That evening, I told the story to high school students. As a setting for a long spiritual story, the surroundings could hardly have been worse. The students were much more interested in talking to each other and in eating popcorn than in hearing a story. But my telling was the best it had ever been! I had found a new flexibility, a broader range of expression.
After that night, I stopped worrying so much about the exact plot of the story. Instead, over the next months I began to focus on my relationship to hope. After all, I had chosen a title for the story with the word "hope" in it! My exploration of hope not only changed this story, it changed me as a performer, as a self-employed artist, and as a person.
What Workshop Do I Most Want to Lead?
Last June, I discovered that I had a chance to use the Hemlocks Outdoor Education Center for a May weekend. I couldn't pass it up!
Hemlocks is a special place. Built by Easter Seals as an outdoor education facility for people with disabilities, the architecture alone is a teacher. Everything is accessible, from the nature trail by the pond to the Braille door numbers and the barrier-free showers.
Usually, I think of a workshop that people seem to want, then I find a place for it. But in this case, the place came first. Now that I had this great setting, what workshop did I want to lead? To my surprise, I began to think again about hope.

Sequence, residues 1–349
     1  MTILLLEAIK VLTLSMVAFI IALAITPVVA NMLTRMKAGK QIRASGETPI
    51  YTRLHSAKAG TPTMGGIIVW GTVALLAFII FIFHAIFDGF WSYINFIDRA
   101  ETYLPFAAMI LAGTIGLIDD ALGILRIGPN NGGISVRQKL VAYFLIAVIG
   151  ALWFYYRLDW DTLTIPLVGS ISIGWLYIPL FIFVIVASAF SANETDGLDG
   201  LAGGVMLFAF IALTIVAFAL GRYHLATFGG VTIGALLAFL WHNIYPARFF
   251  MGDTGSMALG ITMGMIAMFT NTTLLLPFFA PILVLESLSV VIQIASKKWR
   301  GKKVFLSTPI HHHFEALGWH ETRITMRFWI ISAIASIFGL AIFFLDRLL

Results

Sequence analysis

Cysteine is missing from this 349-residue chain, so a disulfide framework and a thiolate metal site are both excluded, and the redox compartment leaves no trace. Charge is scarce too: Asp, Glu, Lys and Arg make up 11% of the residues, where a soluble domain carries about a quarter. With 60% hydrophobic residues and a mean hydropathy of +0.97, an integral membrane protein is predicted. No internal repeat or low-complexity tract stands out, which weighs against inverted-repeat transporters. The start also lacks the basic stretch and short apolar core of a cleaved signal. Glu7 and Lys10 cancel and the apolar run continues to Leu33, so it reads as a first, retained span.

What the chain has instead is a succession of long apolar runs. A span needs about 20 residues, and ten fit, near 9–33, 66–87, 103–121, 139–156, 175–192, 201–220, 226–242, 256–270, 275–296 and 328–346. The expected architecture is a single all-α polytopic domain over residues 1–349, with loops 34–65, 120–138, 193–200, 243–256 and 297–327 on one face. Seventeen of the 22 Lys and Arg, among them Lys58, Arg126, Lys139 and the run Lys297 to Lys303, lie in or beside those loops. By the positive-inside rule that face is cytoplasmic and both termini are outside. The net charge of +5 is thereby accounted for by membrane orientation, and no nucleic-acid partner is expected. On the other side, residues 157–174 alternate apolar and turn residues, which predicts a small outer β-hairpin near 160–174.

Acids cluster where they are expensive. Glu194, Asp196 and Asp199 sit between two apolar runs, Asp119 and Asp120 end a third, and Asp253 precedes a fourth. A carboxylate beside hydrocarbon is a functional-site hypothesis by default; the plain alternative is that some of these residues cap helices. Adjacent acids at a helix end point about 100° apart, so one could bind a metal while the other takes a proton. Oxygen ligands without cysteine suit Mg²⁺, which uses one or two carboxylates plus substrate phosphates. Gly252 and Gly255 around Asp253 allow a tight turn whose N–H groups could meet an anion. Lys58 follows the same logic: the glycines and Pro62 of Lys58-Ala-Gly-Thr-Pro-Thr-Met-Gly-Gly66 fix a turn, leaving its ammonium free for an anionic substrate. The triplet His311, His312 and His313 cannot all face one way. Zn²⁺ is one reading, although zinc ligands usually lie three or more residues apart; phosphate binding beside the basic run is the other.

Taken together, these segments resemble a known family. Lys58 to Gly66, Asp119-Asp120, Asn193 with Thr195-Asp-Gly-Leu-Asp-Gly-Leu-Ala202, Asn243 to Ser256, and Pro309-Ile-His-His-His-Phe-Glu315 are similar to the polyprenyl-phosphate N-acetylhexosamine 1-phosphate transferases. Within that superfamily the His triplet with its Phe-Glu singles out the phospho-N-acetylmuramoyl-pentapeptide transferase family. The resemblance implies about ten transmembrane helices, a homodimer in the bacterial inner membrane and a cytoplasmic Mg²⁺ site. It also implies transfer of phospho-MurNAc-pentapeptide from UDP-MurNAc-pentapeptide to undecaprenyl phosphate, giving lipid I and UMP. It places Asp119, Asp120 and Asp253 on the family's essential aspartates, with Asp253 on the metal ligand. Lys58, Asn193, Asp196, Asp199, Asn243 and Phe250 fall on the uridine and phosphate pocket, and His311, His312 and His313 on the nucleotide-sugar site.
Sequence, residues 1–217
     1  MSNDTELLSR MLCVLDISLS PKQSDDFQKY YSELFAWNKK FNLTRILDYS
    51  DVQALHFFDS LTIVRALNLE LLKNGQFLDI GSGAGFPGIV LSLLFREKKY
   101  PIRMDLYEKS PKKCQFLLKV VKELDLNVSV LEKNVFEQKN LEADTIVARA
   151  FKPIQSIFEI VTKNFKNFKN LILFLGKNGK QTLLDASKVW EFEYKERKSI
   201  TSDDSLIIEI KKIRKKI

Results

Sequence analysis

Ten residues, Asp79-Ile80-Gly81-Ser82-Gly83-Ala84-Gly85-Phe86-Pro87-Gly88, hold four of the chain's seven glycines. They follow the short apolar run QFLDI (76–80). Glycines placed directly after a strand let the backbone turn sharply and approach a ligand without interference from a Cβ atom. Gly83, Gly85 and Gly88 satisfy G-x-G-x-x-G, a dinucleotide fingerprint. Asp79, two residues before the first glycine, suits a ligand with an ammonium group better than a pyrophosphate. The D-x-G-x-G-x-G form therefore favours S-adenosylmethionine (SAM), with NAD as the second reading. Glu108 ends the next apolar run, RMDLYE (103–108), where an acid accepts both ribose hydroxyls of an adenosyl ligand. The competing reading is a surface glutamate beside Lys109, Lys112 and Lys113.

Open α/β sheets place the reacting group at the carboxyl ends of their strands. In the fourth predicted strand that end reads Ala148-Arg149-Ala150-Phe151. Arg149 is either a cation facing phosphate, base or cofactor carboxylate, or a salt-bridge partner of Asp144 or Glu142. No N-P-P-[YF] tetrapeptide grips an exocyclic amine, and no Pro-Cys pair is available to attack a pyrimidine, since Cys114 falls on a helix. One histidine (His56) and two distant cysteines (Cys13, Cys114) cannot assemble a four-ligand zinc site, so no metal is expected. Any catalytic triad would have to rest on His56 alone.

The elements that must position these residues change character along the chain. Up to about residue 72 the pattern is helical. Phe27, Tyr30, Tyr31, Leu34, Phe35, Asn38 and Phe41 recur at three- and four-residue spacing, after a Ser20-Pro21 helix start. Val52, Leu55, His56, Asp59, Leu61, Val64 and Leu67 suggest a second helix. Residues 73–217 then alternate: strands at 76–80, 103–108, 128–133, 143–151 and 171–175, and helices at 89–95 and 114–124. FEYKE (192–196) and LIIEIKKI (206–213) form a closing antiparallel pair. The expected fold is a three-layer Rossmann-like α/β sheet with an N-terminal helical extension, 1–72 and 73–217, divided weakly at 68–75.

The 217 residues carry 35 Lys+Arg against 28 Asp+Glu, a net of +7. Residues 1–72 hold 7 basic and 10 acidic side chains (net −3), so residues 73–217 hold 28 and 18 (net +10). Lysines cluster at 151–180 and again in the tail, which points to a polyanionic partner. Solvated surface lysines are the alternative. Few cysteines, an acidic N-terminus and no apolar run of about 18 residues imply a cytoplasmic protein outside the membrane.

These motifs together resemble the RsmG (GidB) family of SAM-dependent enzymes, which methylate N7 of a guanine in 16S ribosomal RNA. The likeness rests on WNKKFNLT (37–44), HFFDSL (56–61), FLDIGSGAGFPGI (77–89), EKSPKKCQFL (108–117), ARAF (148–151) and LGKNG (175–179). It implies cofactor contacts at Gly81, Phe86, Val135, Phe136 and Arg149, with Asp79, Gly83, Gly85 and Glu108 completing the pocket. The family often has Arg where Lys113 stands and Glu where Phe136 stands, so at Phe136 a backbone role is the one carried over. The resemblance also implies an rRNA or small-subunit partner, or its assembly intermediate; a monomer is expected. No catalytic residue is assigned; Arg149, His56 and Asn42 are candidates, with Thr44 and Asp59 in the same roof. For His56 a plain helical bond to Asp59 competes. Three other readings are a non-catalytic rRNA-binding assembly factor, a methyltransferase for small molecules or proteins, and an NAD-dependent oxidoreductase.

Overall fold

People who are attracted to storytelling are often hopeful people. Storytelling offers an alternative to "business as usual" in our increasing mechanical, electronic, impersonal society. But when do people really get a chance to focus on hope? All at once I had the image of a retreat in the beautiful Connecticut countryside where we can truly look at the role of hope in our lives:
what we hope for;
what experiences have given us hope;
what we are afraid to hope for or have given up hoping for;
what images of hope lead us on.
Bringers of Hope
In addition, many storytellers are bringers of hope. This brings up another set of questions:
How do we reach out to people around hope?
If hope is actually a complicated issue, how should we approach it in our work?
What stories do we need to tell to the people around us?
What stories do we need to elicit from the people around us?
All this led me to a workshop design. We'll spend a weekend in the countryside, talking and thinking about hope, listening to stories and telling our own stories. We'll begin by exploring the issues and images that matter to us around hope. Saturday night, I'll tell "The Soul of Hope." Sunday we'll focus on bringing what we've learned back to the rest of our lives.
Are you interested in this kind of a storytelling adventure? Please email, call, or write with questions, concerns, or just to learn more.
May 4-6, Friday evening through Sunday afternoon.
Hemlocks is near Hartford, Connecticut, about a 2 1/2 hour drive from Boston, perhaps a 1 1/2 hour drive from New York. The nearest airport is Bradley Airport, about a 45-minute drive from Hemlocks. (If you fly into Bradley, I'll help you arrange ground transport.)
Size of group:
Limited to 19.
$345, including room and board. To save a place, send a deposit of $100.
(Make your check payable to Doug Lipman; I can also accept Visa, Mastercard, or American Express.)
If you want an experience of the transformational power of storytelling, please consider joining us! If you find yourself holding the lamp of hope for others, give yourself this weekend to refuel and retool the torch!